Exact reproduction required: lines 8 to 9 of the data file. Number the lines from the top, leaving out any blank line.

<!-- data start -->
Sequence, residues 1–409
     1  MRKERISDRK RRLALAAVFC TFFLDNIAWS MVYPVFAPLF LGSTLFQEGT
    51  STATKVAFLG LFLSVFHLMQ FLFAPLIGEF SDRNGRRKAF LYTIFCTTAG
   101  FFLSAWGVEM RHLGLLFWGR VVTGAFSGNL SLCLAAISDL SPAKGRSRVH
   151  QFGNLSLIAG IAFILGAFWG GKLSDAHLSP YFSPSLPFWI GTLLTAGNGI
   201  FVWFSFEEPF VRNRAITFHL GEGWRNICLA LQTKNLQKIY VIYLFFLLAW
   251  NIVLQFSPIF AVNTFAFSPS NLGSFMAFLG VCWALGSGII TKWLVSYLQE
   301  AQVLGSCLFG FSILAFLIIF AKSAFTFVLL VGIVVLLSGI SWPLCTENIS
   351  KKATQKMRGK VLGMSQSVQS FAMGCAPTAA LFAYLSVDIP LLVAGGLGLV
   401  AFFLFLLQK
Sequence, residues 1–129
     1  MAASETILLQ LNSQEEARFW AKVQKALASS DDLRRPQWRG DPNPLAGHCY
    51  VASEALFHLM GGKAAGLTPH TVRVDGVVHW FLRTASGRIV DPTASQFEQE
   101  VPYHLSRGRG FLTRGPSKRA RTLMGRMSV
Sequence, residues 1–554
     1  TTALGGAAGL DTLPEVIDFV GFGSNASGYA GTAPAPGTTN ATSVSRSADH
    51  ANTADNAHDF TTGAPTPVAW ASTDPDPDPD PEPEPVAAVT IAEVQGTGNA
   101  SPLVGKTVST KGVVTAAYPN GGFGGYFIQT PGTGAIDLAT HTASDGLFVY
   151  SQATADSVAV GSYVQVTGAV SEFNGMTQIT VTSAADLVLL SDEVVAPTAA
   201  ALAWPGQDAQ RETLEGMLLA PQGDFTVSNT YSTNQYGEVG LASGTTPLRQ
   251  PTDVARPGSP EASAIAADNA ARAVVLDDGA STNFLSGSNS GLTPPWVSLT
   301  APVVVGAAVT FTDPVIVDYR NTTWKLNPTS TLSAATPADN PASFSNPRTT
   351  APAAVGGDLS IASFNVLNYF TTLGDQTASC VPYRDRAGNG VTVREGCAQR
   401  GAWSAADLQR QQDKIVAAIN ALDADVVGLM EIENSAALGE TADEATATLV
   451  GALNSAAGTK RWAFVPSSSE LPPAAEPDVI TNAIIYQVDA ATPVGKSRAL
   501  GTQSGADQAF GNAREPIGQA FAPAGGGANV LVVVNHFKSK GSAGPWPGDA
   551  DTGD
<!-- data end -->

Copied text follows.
   301  AQVLGSCLFG FSILAFLIIF AKSAFTFVLL VGIVVLLSGI SWPLCTENIS
   351  KKATQKMRGK VLGMSQSVQS FAMGCAPTAA LFAYLSVDIP LLVAGGLGLV